When comparing WezTerm vs tmux, the Slant community recommends tmux for most people. In the question“What are the best Linux terminal emulators?” tmux is ranked 11th while WezTerm is ranked 32nd. The most important reason people chose tmux is:
As long as you don't close your session, you may even lose your SSH connection, it'll keep your state just as it was. So you can resume where you left off (via `tmux attach`).
Ranked in these QuestionsQuestion Ranking
Pro Looks good
Highly customizable appearance and comes with over 240 built-in color schemes
Pro Open Source and Free
Pro Supports font ligatures and stylistic sets
Ships with JetBrains Mono, a modern programmers font, so that you can enjoy modern typographical features such as contextual ligatures and font variations/stylistic sets in your terminal environment
Pro Supports multiple windows, tabs, splits/panes
tmux-like functionality with native UI even on Windows systems allows managing multiple terminal sessions how you like
Pro Preserve the state
As long as you don't close your session, you may even lose your SSH connection, it'll keep your state just as it was. So you can resume where you left off (via
Pro Maximize screen space
As a tiling window manager, it'll make use of all the space. As you have multiple workspaces and you can resize, etc. you can adjust to see what matters most.
Pro Easily split panes
There is a keyboard shortcut that makes it easy to split a window and create more panes.
Pro Mouse support
Mouse support can optionally be enabled, allowing e.g. scrolling with the mouse wheel, or switching panes with mouse clicks.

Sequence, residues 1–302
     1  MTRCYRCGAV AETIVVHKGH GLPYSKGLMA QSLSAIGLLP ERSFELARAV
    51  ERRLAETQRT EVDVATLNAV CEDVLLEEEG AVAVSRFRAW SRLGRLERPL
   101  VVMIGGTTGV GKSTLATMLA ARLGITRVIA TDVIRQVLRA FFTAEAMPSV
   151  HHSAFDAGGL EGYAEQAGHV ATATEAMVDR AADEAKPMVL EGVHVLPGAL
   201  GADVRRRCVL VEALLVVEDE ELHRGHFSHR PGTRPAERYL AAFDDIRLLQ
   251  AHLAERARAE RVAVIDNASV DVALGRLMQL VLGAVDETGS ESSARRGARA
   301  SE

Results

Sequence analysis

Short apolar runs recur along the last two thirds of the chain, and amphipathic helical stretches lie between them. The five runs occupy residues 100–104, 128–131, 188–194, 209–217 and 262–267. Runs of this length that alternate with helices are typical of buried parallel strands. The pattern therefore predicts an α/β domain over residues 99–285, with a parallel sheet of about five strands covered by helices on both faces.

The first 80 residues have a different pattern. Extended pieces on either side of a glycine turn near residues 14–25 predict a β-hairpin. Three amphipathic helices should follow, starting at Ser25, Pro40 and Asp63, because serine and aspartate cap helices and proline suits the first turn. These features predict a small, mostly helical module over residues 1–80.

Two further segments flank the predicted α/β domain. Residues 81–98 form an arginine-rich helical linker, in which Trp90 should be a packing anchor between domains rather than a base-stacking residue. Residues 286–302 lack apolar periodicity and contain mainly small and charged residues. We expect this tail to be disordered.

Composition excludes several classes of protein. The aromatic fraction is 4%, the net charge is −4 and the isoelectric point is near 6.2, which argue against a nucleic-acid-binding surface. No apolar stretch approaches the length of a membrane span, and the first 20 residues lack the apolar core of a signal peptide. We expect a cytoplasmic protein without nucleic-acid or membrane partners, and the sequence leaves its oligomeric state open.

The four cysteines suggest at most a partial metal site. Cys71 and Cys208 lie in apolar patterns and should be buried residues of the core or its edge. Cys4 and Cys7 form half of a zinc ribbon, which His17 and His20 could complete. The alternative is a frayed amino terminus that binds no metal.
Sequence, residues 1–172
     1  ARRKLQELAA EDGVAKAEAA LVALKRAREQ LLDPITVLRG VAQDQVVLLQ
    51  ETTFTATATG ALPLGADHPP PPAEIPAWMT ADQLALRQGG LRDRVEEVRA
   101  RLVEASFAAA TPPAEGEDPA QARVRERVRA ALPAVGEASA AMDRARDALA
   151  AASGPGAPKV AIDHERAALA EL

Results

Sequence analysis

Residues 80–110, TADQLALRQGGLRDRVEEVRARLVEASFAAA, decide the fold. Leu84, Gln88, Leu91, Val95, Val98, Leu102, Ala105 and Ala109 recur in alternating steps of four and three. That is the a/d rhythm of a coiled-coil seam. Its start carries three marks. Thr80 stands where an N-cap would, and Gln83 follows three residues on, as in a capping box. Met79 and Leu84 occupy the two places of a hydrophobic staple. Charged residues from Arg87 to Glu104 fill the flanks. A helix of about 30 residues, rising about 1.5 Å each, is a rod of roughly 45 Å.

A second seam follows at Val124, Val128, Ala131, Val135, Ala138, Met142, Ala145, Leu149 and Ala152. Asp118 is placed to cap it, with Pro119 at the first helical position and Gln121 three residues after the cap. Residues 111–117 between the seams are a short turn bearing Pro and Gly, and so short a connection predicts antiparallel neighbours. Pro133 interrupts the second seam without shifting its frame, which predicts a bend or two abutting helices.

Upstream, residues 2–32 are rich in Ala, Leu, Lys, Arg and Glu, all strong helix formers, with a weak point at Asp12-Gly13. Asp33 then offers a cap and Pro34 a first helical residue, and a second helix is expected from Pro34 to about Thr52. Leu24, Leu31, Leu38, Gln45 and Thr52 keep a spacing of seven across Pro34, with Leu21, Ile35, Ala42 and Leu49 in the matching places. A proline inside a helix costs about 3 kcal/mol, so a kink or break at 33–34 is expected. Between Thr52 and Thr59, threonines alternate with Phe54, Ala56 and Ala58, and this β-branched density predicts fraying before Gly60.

Pro Windows linked to sessions
tmux calls the individual shell instances windows. They are displayed like tabs in the status line. These windows can be shared between different sessions, so that any given shell instance can be in any number of tmux sessions used for different purposes or by different users. This allows configurations like the following example: User A: wAB, wA1, wA2; User B: wB1, wAB, wB2
Open ~/.tmux.conf to get started. You can customize keybindings, the bottom status bar, color schemes, the clock screen, your time zone, and more.
Pro Only need to learn a few keyboard shortcuts and commands to make much headway
Pro Frequently updated
Tmux is in a state of constant development. Updates are frequent and bug reports usually get an answer within days.
Con Poorly designed key binding
Counter-intuitive keyboard shortcuts make tmux very hard to use and learn.
Con Bad scrolling support
Con No builtin telnet or serial support
It's considered bloat by the maintainers and for this reason there's no builtin support for them.